Disturbingly, today’s contestants have their cart before their horse. They display an alarming arrogance that suggests winging it will do. Why not? If all the players on their first grade soccer team got a trophy for coming in dead last, shouldn’t they expect a similar result from a perfect storm of misaligned values and unrealistic expectations.
I could go on and on about what is patently wrong with The X-Factor. Demi Lovato comments to every contestant about what she sees behind their eyes. Canned critique de jour, anyone? L.A. Reid, in an unbelievable display of BAD FORM, shamefully dissed his team on day one, telling them he didn’t want them. Now on every episode he savagely ridicules any contestant mentored by Simon. There are the over-the-top musical arrangements meant to camouflage, not enhance a performance; three mega-screen-backdrops, sure to distract from any flawed performance.
Do I need to mention the current “hosts?” One doesn’t hesitate to read his question twice, even though it was just answered. Oh, sorry, is paying attention a host requirement? The other host can barely read the teleprompter so don’t be expecting her to articulate that string of words with anything resembling conversational phrasing. I think it might be above her pay grade. OMG, hosting is like, soooooooooo totally hard. Well, actually it is if you do it right, and you need to be good at it to not look pathetically ridiculous – but then, isn’t being pathetically ridiculous what she’s traded on for the entirety of her twenty-minute career as a celebrity? Meoooow.
Ah, the producers definitely have our number, don’t they? The American audience: attention span on a very short leash, reduced to a mindless Roman Colosseum mob, screaming for the lions to be thrown to the Christians. Er, is it the other way round? No matter, it’s not a pretty sight either way, and speaks volumes about the lack of substance in our culture, never mind our willingness to keep watching even when it’s bad bad bad.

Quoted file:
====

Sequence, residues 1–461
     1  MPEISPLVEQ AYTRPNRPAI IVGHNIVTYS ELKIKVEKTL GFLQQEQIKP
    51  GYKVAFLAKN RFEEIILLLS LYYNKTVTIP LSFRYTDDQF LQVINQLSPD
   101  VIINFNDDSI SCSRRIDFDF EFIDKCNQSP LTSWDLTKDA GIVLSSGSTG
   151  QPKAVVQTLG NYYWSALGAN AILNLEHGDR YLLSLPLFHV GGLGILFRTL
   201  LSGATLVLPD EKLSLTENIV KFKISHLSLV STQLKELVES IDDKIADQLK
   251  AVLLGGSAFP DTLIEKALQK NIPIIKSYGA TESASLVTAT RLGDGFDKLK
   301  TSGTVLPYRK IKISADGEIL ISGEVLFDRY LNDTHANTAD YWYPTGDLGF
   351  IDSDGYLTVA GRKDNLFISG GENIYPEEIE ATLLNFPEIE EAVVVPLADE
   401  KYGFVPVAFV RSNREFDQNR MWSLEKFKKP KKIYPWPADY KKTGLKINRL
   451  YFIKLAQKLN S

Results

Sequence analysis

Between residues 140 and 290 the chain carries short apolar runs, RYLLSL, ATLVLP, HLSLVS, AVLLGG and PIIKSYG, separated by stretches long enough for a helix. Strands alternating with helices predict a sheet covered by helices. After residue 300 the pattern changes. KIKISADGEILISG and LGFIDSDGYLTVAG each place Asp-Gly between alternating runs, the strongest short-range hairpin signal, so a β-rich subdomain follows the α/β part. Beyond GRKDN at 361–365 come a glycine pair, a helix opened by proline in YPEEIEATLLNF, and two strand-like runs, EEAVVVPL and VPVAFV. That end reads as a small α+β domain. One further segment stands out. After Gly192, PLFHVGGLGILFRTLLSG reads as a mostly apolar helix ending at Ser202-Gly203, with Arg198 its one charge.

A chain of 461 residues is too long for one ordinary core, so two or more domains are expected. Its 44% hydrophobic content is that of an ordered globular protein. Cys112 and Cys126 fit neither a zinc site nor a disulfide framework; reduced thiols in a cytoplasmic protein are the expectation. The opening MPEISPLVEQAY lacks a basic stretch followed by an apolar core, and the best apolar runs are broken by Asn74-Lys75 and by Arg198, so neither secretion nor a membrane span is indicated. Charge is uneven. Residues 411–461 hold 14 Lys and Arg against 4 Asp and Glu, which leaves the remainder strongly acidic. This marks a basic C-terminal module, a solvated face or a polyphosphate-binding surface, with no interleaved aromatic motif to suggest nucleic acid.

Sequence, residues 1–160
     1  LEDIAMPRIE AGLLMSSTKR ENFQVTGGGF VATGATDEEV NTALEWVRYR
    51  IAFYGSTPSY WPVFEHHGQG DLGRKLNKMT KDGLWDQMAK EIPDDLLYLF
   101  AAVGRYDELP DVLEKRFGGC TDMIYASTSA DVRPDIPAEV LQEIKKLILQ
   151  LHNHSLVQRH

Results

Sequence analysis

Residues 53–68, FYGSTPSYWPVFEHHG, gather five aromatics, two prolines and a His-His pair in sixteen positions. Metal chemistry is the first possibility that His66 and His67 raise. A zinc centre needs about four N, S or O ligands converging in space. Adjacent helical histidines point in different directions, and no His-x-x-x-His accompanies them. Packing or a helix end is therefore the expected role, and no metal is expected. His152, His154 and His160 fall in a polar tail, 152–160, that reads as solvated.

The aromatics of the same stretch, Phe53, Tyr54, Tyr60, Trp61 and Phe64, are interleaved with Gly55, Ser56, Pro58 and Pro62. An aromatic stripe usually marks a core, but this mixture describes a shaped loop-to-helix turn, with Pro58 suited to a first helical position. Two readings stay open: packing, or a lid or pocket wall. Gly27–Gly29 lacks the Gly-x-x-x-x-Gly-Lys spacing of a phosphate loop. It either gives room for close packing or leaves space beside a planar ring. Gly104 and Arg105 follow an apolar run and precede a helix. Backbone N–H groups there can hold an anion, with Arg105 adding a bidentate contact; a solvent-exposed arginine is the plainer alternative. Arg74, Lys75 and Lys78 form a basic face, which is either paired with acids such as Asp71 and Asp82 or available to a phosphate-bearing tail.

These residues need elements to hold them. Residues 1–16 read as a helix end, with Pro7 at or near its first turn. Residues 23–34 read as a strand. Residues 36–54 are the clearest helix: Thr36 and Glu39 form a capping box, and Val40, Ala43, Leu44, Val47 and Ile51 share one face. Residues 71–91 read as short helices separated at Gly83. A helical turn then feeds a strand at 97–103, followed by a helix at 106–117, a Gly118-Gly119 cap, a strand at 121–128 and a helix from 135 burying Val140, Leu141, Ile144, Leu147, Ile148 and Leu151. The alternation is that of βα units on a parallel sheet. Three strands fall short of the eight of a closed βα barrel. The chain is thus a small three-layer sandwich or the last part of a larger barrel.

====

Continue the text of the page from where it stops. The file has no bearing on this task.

However, do allow me to offer an alternative to the train wreck above. The Voice, is another show I had little hope for in it’s first two seasons. But surprise! In this season, the talent is dazzling in its range. Where have all these wonderful people been hiding? No doubt, wishing the entertainment industry would go against the grain and create an a venue like The Voice that actually elevates and rewards substance.
Judges Adam Levine, CeeLo Greene, Christina Aguilera and Blake Shelton, actually get it right. They have honed their craft with years of struggle, and each one is a skilled vocalist – not just a pop star. They have much to give and that’s the core of the show, that and how the contestants apply that sage advice to their performances. Theirs is an esprit de corps that’s fun, bringing levity to the high drama of what’s at stake. But always the contestants come first and that shines through.
Carson Daly, one of the Desert’s own, does a smooth, credible job as the host and gracefully keeps things moving, doing his best to avoid awkward moments. Of course the coaches want to win the competition, but they’re going about it by making their contestants the very best they can be. That’s not hard when you have incredible raw talent with which to work. No need to shove contestants into ill advised costuming and strange hair arrangements, or plunge them into wild productions that obscure the performance.
So, I’ll go out on a limb here and tell you that there is so much potential on The Voice, any one of my favorites could win: Terry McDermott, Amanda Brown, Dez Duron, Loren Allred, Casadee Pope – they all have extraordinary talent and something else in common…they’ve been working on their craft for a very long time. It shows.
Bravo The Voice…but don’t worry – the producers/networks/or whomever the powers-that-be are – someone will undoubtedly find a way to screw it up. They always do. Enjoy it while you can. Just remember my old saying: Talent isn’t rare…talent with discipline is rare.